Reflective teachers can discover many ways of developing less teacher-directed practices that encourage students themselves to both frame and to solve problems.  Here is an example. A mathematics education professor was disappointed by many textbook driven lessons she observed. The teachers said the need to meet prescribed lesson outcomes inhibited reflection. She collaborated with a teacher of five year-olds, and they decided the students themselves should direct the learning of the next topic, linear measurement.  The approach was to elicit questions from the children, and then have them find answers to their questions. 

On the classroom floor they outlined a shape (a few metres long); the teacher made no remark about it to the children.  At first sight, children talked about the shape, walked in, outside and around it, and on the third day, some sat inside it.  Some said it might be a canoe.  On the fourth day the teacher asked the students what they thought the shape might represent.  Most said it resembled a canoe.  The teacher asked if they had questions about it. The questions were varied, and many related to mathematics, such as how long and wide the canoe was. The students investigated these linear concepts. They both formally and informally estimated, measured, and used fractional numbers.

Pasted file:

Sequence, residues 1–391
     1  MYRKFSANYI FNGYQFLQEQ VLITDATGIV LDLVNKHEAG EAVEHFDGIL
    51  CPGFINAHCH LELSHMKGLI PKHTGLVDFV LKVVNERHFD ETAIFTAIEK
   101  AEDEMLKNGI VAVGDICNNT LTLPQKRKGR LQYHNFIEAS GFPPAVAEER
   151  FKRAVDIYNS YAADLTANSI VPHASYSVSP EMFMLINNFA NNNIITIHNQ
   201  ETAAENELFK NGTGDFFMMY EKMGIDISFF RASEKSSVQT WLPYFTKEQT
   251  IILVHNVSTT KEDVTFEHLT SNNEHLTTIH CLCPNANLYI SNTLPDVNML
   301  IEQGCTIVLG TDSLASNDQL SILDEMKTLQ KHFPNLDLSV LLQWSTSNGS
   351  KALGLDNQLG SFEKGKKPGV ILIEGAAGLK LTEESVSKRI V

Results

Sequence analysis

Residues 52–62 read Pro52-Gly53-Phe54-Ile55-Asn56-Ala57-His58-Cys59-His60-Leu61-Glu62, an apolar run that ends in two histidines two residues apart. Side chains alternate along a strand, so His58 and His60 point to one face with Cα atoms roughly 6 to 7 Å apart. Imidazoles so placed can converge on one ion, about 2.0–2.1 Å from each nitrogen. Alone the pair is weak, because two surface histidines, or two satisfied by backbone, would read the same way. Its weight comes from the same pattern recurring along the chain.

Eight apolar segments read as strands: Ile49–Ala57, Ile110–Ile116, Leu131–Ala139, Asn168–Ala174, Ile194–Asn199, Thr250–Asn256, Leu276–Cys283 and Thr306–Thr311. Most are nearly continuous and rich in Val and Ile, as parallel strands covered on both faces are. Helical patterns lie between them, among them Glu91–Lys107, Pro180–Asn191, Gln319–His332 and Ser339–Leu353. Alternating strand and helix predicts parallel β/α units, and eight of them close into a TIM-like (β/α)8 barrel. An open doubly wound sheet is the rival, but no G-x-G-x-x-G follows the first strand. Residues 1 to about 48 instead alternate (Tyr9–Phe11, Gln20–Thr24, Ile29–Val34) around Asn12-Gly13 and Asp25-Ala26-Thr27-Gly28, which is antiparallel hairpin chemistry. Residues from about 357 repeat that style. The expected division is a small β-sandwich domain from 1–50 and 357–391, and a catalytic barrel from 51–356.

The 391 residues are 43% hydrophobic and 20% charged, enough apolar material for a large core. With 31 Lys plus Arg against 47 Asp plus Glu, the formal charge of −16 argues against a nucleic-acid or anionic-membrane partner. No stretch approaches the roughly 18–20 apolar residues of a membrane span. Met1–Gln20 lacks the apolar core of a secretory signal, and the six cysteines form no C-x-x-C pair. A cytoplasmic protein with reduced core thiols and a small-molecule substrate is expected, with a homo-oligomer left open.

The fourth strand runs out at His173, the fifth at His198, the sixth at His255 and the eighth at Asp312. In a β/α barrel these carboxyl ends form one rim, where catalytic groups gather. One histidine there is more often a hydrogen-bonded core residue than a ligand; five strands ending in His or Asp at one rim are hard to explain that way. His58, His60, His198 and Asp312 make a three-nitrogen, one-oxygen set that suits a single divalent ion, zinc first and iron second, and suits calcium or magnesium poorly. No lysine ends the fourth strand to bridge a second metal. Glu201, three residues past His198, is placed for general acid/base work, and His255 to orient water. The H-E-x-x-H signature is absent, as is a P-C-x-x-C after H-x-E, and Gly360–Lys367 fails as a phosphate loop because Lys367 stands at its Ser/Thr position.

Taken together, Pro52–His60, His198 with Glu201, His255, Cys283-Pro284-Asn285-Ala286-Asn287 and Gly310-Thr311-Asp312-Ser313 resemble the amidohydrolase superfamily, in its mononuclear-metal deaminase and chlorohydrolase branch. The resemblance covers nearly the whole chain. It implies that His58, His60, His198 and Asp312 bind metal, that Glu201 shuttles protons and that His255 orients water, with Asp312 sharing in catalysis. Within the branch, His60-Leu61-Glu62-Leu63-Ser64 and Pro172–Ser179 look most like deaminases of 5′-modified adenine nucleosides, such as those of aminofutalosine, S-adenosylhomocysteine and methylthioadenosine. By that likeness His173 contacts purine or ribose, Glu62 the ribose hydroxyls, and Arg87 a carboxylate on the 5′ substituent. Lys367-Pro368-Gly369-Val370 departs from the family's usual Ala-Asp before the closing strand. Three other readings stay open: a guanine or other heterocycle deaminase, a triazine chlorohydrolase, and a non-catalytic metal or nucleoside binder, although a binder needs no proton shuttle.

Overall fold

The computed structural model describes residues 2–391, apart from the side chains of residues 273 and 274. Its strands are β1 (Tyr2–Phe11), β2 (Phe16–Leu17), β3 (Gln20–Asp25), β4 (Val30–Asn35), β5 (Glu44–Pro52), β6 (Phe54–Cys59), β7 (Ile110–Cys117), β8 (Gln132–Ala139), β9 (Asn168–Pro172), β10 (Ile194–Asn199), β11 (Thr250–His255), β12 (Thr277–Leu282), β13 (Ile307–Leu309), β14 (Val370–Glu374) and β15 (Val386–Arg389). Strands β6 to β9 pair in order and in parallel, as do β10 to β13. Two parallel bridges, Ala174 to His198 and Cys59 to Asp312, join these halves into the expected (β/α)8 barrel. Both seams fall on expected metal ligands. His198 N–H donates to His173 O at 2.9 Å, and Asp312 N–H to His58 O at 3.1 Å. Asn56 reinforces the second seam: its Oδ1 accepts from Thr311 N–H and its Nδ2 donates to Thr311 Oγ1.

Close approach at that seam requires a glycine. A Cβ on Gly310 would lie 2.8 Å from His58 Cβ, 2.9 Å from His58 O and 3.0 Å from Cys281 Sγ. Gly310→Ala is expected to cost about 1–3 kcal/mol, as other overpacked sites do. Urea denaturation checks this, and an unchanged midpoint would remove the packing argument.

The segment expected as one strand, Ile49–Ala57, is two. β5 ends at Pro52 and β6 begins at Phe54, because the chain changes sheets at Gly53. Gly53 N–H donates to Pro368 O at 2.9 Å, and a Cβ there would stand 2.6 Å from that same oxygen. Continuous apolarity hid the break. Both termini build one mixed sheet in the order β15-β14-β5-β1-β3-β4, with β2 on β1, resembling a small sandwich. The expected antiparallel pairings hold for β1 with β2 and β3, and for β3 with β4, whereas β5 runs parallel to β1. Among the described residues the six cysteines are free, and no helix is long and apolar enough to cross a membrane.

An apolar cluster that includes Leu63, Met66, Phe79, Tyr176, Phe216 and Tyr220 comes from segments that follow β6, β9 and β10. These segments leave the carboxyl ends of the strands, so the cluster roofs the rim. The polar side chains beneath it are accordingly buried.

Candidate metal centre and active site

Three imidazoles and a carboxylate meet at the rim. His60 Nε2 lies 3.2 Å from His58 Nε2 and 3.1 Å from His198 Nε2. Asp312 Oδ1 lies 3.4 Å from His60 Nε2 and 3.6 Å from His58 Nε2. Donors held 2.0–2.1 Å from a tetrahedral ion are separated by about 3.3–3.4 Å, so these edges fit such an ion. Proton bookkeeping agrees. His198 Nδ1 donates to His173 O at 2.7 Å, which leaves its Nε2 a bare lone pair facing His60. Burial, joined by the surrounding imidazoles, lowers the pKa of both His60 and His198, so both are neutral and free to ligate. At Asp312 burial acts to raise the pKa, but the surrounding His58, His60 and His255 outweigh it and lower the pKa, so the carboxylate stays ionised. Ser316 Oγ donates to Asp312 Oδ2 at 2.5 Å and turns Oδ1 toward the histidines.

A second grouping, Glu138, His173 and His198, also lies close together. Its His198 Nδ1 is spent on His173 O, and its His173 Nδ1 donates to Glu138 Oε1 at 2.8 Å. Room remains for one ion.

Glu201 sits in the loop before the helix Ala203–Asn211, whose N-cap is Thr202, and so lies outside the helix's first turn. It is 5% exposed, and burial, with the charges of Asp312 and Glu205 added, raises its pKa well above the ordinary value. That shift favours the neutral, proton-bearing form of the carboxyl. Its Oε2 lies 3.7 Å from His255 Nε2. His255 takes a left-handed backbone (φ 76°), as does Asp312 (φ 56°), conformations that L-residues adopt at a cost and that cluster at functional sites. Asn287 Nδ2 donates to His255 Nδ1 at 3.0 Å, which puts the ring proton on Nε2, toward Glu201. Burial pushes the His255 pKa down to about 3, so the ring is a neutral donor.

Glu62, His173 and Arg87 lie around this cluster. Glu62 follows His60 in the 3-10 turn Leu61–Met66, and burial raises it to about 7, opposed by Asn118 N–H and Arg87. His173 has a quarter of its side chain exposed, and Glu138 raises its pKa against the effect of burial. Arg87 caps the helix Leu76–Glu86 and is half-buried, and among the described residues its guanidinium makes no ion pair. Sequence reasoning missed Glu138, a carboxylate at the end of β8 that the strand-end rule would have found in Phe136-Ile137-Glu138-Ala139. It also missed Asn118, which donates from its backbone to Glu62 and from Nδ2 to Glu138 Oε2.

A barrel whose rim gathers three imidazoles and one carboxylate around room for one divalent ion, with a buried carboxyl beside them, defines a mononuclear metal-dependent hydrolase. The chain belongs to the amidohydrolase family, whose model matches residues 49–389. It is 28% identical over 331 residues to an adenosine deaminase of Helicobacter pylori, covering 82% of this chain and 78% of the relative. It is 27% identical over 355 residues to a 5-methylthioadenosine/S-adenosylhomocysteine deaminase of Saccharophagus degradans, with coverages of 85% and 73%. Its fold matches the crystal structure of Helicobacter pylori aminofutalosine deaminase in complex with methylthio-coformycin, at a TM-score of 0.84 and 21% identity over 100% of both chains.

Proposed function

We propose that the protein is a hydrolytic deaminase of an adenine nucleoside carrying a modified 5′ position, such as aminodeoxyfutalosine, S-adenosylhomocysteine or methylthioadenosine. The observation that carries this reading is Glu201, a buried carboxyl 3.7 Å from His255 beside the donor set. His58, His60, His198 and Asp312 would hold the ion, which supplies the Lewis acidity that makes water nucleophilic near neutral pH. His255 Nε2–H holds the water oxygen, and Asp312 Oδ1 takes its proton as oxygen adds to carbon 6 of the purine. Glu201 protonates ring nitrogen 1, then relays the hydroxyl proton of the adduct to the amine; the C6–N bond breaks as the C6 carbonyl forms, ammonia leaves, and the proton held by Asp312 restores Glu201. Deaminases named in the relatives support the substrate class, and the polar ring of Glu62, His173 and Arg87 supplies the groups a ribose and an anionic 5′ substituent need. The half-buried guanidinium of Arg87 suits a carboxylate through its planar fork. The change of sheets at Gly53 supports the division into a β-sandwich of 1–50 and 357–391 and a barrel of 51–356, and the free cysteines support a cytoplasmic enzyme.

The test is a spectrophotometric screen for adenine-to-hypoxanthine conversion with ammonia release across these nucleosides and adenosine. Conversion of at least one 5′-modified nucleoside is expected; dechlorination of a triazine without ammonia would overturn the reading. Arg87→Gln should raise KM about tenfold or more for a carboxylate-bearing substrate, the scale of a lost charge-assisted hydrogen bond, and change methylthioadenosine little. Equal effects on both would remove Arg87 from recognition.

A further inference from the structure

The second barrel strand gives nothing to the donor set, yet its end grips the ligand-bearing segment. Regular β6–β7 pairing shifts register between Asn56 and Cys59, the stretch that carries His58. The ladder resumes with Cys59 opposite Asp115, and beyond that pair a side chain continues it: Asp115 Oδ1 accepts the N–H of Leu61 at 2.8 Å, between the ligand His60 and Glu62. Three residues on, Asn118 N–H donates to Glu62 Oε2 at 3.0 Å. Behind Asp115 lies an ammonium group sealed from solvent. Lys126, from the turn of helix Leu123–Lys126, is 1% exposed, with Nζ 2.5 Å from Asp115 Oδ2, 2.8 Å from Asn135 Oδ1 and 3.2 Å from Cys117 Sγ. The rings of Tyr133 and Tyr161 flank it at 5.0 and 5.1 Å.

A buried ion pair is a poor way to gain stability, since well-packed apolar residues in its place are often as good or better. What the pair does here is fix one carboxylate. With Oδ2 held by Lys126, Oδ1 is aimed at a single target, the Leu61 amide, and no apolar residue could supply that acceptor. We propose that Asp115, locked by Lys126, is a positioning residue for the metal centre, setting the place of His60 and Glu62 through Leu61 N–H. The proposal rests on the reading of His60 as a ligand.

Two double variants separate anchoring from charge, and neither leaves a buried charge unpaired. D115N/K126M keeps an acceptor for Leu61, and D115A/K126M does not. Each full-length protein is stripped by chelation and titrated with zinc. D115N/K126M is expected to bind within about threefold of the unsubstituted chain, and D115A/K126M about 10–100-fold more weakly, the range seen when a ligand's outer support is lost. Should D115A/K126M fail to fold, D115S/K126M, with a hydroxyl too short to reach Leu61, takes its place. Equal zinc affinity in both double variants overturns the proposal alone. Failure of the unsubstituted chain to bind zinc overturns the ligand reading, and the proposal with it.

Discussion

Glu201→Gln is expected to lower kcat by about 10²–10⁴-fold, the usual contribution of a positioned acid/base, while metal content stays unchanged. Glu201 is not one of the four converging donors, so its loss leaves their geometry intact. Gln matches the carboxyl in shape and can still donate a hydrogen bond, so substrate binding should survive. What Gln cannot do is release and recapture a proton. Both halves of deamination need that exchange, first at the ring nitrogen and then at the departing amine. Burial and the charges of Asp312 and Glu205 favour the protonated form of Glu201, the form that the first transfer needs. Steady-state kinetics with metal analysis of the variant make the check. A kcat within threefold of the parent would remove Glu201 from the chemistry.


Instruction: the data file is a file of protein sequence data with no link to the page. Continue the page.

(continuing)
Reflecting on the project, the teacher realized that the role of a teacher is to guide, encourage, occasionally redirect, and importantly, listen carefully as the children shared ideas.  Other teachers became interested and used the approach in other curricular areas, particularly science.  They reflected and shared ideas.  Did the students answer their own questions?  Did they have fun? Were the ‘intended’ mathematics concepts addressed?  Yes.  Did the mathematics learned come directly from a textbook?  No.  As the teacher noted, “Being a committed teacher means you are open to changing the way you teach, and to improve the way you teach takes a commitment to engage in reflective practice.”